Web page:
Chris Archer is the Tampa Bay Rays’ ace. Brandon Guyer is the team’s leadoff hitter against left-handed pitching and a valuable bench player on the whole. Sam Fuld, meanwhile, was a critical player for the Rays in 2011 and had his moments in the two years after. There is no question that the Rays won the Matt Garza trade, with Archer doing most of the honors by himself. That being said, it is still frustrating what happened to Hak-Ju Lee. There was little doubt for a long time was that he would end up right there with Archer, Guyer, and Fuld.
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The Rays were expecting a lot from Lee, and they were confident that they would at least get something. He was a ridiculous shortstop defender with blazing speed and a solid plate approach. He didn’t hit for much power, but he has plenty of room to fill out on his 6’2″, 170 frame and the hope was that it would come. Even if it didn’t, he looked primed to be the Rays’ starting shortstop and bat ninth. This was a team that had started Reid Brignac, Sean Rodriguez, and Elliot Johnson at short following the departure of Jason Bartlett, and with the offensive bar so low and Lee’s defense so excellent, it was going to be difficult for Lee not to improve upon that group.
We saw a few warning signs. After Lee hit to a .318/.389/.443 line at High-A in 2011, he slipped to a .190/.272/.310 line as he finished the year at Double-A. His full year with the Montgomery Biscuits in 2012 wasn’t very good either as he managed a .261/.336/.360 line, but he he had improved his ability to steal bases while still drawing his fair share of walks. Then 2013 began, and we all wanted to think that he had made it and would be just as good as we thought he could be. Lee began the year by hitting .422 in his first 57 plate appearances, delivering 5 extra-base hits, 6 stolen bases, and 11 walks against 9 strikeouts.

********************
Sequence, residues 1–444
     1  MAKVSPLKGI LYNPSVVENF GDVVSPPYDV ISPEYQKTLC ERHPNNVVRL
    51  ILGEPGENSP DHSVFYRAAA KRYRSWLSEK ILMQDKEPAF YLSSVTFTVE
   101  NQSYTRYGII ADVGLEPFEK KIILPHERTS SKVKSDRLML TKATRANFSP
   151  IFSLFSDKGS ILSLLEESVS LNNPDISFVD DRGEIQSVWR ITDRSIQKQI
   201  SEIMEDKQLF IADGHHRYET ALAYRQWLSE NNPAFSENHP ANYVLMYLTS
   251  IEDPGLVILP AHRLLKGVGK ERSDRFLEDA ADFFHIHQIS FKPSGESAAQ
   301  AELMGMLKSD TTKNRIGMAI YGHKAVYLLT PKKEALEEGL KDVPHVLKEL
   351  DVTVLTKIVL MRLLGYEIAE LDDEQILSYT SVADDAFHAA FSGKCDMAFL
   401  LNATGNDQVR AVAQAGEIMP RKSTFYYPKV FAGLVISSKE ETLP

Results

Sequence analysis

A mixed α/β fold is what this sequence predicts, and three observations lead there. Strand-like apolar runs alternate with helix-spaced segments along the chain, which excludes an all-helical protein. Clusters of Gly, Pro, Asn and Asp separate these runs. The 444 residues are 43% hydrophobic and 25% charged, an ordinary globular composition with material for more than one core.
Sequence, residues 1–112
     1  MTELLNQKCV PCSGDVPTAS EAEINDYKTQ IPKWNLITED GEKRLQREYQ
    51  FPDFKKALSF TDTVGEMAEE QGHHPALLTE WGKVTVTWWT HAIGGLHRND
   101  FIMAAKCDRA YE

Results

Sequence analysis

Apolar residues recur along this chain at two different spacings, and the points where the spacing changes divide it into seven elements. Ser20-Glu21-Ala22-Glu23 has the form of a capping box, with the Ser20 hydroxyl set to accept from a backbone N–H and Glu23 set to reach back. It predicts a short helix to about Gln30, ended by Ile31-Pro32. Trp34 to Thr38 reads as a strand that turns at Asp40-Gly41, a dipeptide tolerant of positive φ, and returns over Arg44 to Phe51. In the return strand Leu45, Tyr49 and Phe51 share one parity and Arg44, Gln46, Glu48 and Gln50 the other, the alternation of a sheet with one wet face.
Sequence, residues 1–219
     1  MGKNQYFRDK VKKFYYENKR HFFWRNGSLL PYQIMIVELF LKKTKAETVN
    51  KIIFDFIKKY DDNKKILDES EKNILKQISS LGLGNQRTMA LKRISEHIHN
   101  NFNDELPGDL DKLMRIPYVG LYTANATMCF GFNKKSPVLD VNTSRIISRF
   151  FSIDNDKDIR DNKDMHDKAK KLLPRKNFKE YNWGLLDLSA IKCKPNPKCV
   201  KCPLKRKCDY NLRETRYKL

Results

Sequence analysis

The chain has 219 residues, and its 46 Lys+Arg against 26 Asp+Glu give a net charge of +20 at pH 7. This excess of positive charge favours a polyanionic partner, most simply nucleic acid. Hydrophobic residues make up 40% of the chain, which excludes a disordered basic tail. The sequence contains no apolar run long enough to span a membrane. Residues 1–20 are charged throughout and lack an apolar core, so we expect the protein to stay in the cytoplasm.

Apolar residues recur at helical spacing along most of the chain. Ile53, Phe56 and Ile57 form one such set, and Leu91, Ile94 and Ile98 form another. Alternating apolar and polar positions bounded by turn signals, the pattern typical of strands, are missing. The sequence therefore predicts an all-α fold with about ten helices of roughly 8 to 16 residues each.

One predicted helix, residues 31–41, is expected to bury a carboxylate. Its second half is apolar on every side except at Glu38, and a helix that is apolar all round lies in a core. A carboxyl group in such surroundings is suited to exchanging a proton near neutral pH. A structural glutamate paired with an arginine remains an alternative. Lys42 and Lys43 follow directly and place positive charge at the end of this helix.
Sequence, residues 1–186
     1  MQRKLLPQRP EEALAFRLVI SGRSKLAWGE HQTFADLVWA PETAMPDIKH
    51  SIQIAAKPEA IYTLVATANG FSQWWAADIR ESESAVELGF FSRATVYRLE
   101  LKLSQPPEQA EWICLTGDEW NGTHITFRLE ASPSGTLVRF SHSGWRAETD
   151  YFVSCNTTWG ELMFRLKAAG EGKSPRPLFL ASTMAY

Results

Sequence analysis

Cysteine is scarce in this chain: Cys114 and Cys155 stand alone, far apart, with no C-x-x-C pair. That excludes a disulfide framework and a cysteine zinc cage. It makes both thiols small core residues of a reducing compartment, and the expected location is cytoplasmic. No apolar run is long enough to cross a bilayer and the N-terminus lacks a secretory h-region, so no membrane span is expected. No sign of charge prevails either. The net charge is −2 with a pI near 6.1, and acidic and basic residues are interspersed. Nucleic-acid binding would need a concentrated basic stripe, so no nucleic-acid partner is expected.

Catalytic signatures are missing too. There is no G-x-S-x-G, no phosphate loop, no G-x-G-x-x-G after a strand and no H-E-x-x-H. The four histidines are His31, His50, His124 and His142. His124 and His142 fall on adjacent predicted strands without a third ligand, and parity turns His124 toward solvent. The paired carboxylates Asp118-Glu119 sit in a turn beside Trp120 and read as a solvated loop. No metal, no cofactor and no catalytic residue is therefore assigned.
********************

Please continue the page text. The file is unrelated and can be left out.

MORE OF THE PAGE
You probably know what happened next. Lee tore ligaments in his knee as he tried to turn a double play with a runner bearing down on him, and he was out for the season. He returned in 2014, but he simply hasn’t been the same since. He managed just a .203/.287/.276 line last season and upped that only moderately to a .220/.303/.304 mark in 2015. He had finally bulked up, filling out to 215 pounds, but it was too late. His speed and defense weren’t the same, and his bat simply never came along. And now he is on the waiver wire for any team to claim.
The Rays have themselves not one potential shortstop of the future, but two, Daniel Robertson and Willy Adames. They have moved on without Lee, and it won’t make a huge difference moving forward that he never panned out. At the same time, though, it is demoralizing that the Rays literally got nothing out of Lee other than a 40-man roster spot taken up. Even the dream entering this year that he could rebound to become a utility player was too optimistic. At least Robinson Chirinos got into a few games–Lee never even made his major league debut with the Rays.
The Hak-Ju Lee era for the Tampa Bay Rays reminds us to appreciate the prospects that do pan out. This wasn’t a Josh Sale situation where Lee did anything wrong–he put in the work and did everything he could to become an impact major league player, but his freak injury wound up being too much to overcome. We get to see both sides of the spectrum as Archer reaches his upside while Lee experiences his worst-case scenario. One out of two is still one heck of a batting average.
Lee is only 24 years old and hopefully the story doesn’t end here. The Rays are hoping that he will stay in their organization and maybe even re-sign as a minor league free agent following the year. Perhaps Lee will keep improving as the knee injury gets farther into the past. But now we are getting into another story. Hak-Ju Lee the safe starting shortstop is long gone, and the player that takes the field for the Durham Bulls or whatever other team next season won’t have a single MLB game to prove that his previous version ever existed.